The intramuscular progestin-only injectable contraceptive, depo-medroxyprogesterone acetate (DMPA-IM), is more widely used in Sub-Saharan Africa than another injectable contraceptive, norethisterone enanthate (NET-EN). Epidemiological data show a significant 1.4-fold increased risk of HIV-1 acquisition for DMPA-IM usage, while no such association is shown from limited data for NET-EN. We show that MPA, unlike NET, significantly increases R5-tropic but not X4-tropic HIV-1 replication ex vivo in human endocervical and ectocervical explant tissue from pre-menopausal donors, at physiologically relevant doses. Results support a mechanism whereby MPA, unlike NET, acts via the glucocorticoid receptor (GR) to increase HIV-1 replication in cervical tissue by increasing the relative frequency of CD4+ T cells and activated monocytes. We show that MPA, unlike NET, increases mRNA expression of the CD4 HIV-1 receptor and CCR5 but not CXCR4 chemokine receptors, via the GR. However, increased density of CD4 on CD3+ cells was not observed with MPA by flow cytometry of digested tissue. Results suggest that DMPA-IM may increase HIV-1 acquisition in vivo at least in part via direct effects on cervical tissue to increase founder R5-tropic HIV-1 replication. Our findings support differential biological mechanisms and disaggregation of DMPA-IM and NET-EN regarding HIV-1 acquisition risk category for use in high risk areas.
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  6. 156
    398863
    Peer Reviewed

    Conflict and Contraception in Colombia.

    Svallfors S; Billingsley S

    Studies in Family Planning. 2019 Mar 13;

    This study explores how armed conflict relates to contraceptive use in Colombia, combining data from the Uppsala Conflict Data Program and Demographic and Health Surveys 1990-2016. Our study is the first systematic effort to investigate whether and how violent conflict influences women's contraceptive use, using nationally representative data across all stages of women's reproductive careers. With fixed effects linear probability models, we adjust for location-specific cultural, social, and economic differences. The results show that although modern contraceptive use increased over time, it declined according to conflict intensity across location and time. We find no evidence that this relationship varied across socioeconomic groups. Increased fertility demand appears to explain a small portion of this relationship, potentially reflecting uncertainty about losing a partner, but conflict may also result in lack of access to contraceptive goods and services. (c) 2019 The Population Council, Inc.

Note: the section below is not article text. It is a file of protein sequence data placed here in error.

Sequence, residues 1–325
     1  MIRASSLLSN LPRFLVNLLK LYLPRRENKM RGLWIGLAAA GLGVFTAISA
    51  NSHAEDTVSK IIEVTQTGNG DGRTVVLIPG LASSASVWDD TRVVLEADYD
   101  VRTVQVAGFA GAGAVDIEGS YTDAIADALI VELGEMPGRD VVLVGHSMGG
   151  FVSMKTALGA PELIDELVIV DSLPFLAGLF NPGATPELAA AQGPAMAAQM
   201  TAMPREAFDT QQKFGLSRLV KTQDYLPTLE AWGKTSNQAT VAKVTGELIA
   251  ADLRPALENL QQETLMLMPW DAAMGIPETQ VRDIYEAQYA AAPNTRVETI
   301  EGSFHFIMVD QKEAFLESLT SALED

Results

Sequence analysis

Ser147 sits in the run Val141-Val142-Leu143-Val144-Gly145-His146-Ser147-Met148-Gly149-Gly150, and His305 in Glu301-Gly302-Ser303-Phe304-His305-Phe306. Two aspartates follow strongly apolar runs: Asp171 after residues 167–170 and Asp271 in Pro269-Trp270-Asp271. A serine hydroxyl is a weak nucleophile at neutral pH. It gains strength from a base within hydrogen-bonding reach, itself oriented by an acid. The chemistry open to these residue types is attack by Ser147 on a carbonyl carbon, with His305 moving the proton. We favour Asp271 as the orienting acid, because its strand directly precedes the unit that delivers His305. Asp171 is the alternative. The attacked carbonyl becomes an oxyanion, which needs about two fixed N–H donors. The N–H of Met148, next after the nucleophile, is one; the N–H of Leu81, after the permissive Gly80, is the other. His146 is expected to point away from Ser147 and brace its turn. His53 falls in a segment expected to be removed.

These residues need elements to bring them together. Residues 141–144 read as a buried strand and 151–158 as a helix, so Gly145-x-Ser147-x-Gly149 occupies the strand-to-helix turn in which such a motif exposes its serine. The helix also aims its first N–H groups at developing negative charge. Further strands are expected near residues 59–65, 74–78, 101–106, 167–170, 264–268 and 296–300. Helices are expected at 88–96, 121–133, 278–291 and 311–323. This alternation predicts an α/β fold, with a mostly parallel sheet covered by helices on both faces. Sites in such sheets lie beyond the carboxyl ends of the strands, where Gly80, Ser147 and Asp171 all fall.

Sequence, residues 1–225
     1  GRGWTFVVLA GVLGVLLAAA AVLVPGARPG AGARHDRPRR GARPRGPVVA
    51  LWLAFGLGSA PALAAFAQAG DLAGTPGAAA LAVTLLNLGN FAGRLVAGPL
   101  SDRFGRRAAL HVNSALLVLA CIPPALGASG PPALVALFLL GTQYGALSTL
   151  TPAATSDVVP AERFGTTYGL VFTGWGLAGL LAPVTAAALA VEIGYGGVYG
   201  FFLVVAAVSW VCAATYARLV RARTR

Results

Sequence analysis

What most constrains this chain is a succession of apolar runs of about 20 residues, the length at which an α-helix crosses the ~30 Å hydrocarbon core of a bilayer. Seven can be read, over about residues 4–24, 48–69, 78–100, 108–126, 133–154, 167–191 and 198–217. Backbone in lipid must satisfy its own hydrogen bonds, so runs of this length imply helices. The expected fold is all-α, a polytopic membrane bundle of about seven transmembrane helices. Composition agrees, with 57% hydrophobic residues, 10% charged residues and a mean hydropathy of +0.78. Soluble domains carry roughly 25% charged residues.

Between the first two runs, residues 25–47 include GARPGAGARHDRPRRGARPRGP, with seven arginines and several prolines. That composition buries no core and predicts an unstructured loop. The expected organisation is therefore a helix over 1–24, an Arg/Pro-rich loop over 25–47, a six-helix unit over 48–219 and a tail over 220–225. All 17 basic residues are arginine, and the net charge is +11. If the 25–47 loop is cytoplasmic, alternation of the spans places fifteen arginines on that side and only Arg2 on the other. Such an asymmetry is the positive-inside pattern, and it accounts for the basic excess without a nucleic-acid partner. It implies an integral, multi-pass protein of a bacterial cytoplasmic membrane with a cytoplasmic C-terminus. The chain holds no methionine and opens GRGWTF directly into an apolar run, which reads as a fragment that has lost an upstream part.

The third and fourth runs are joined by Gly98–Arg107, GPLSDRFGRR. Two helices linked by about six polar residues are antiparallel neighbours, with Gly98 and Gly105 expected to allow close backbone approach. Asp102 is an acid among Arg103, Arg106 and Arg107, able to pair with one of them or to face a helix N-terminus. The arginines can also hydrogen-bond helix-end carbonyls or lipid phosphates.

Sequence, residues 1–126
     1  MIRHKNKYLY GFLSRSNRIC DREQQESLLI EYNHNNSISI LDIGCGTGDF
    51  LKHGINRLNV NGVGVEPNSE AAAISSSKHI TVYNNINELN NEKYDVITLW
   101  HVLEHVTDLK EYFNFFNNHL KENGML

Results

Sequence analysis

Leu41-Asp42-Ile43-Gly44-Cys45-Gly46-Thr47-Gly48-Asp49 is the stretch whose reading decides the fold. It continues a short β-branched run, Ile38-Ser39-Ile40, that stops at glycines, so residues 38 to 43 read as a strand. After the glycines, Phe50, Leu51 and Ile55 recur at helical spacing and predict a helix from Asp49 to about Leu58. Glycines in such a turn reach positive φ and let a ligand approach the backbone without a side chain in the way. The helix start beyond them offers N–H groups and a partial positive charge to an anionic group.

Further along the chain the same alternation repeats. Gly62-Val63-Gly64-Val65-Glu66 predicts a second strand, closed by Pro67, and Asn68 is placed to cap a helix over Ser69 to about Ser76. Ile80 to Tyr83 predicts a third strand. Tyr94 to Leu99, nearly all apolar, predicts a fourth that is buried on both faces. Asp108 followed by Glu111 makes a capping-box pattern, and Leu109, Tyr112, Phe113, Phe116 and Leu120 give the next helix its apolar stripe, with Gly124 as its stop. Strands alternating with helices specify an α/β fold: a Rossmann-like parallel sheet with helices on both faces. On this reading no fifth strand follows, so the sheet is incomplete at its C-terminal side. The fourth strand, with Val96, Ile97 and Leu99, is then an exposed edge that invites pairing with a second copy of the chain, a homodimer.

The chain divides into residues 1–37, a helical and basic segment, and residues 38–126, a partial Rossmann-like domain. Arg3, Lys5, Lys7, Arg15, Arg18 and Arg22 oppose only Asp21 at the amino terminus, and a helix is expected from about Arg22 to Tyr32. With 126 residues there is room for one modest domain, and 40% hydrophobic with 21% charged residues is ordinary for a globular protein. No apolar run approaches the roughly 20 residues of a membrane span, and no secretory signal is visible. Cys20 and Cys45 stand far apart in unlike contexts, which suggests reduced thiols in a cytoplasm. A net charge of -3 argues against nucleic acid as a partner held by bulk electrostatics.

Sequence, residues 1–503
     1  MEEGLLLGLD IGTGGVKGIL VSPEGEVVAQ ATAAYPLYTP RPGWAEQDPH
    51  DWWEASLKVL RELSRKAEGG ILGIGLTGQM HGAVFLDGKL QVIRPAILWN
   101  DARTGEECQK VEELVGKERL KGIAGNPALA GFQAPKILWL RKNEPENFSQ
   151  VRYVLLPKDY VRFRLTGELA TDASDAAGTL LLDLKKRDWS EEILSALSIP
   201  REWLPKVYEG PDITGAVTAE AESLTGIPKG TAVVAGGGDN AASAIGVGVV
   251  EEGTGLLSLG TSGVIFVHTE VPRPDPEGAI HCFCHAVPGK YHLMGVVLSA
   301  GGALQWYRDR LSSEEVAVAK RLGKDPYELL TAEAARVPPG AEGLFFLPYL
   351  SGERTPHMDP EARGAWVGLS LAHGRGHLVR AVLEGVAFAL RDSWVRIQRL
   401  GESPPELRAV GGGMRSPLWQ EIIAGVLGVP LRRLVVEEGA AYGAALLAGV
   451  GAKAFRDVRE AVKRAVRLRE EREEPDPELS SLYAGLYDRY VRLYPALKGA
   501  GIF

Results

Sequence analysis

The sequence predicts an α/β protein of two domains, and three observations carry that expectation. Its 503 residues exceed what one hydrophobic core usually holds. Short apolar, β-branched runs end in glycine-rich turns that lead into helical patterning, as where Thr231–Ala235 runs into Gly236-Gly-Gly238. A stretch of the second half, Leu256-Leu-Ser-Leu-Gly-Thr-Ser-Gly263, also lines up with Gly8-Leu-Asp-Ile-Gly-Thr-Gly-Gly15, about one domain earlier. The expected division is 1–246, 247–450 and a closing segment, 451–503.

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  7. 157
    398862

    [Evolution of contraceptive practices in France] Evolution des pratiques et des demandes de contraception en France.

    Plu-Bureau G; Raccah-Tebeka B

    La Revue du Praticien. 2018 Apr; 68(4):383-386.

    Evolution of contraceptive practices in France. In France, since the end of the 1970s, the evolution of the contraceptive landscape has been analyzed with studies conducted at regular intervals. Several phenomena have contributed to the evolution of contraceptive strategies. The profound changes in hormonal contraceptives and the development of intrauterine devices adapted to different uterine anatomies have helped to change the French contraceptive landscape. The media crisis of 2012 also strongly contributed to this evolution even if certain evolutions were already started before, against the backdrop of an overall decrease in traditional hormonal therapies in favor of so-called long-acting reversible contraceptives. The other important element affecting women's contraception is the demand to avoid hormonal contraceptives.
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  8. 158
    398861

    [Long-acting reversible contraception] Contraceptions de longue duree d'action reversibles.

    Raccah-Tebeka B; Plu-Bureau G

    La Revue du Praticien. 2018 Apr; 68(4):387-391.

    Long-acting reversible contraception. Long-acting reversible contraception (LARC) have a long-prolonged efficacy over 3 to 5 years depending on the method. They have become in recent years a subject of major interest in contraception. Indeed, these contraceptive methods, including intrauterine devices and the subcutaneous implant, allow obtaining an optimal contraceptive effectiveness while reducing the constraints for the women. All these contraceptions require the participation of an experienced professional for their placement and withdrawal. These LARCs may usually be suitable for all women after removal of rare contraindications. For each LARC, the potential advantages and disadvantages must be taken into account in order to choose the most appropriate method for each woman. Regular monitoring is always required to allow premature withdrawal in case of side effects, incident or wish to pregnancy. Their reversibility is immediate.
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  9. 159
    398860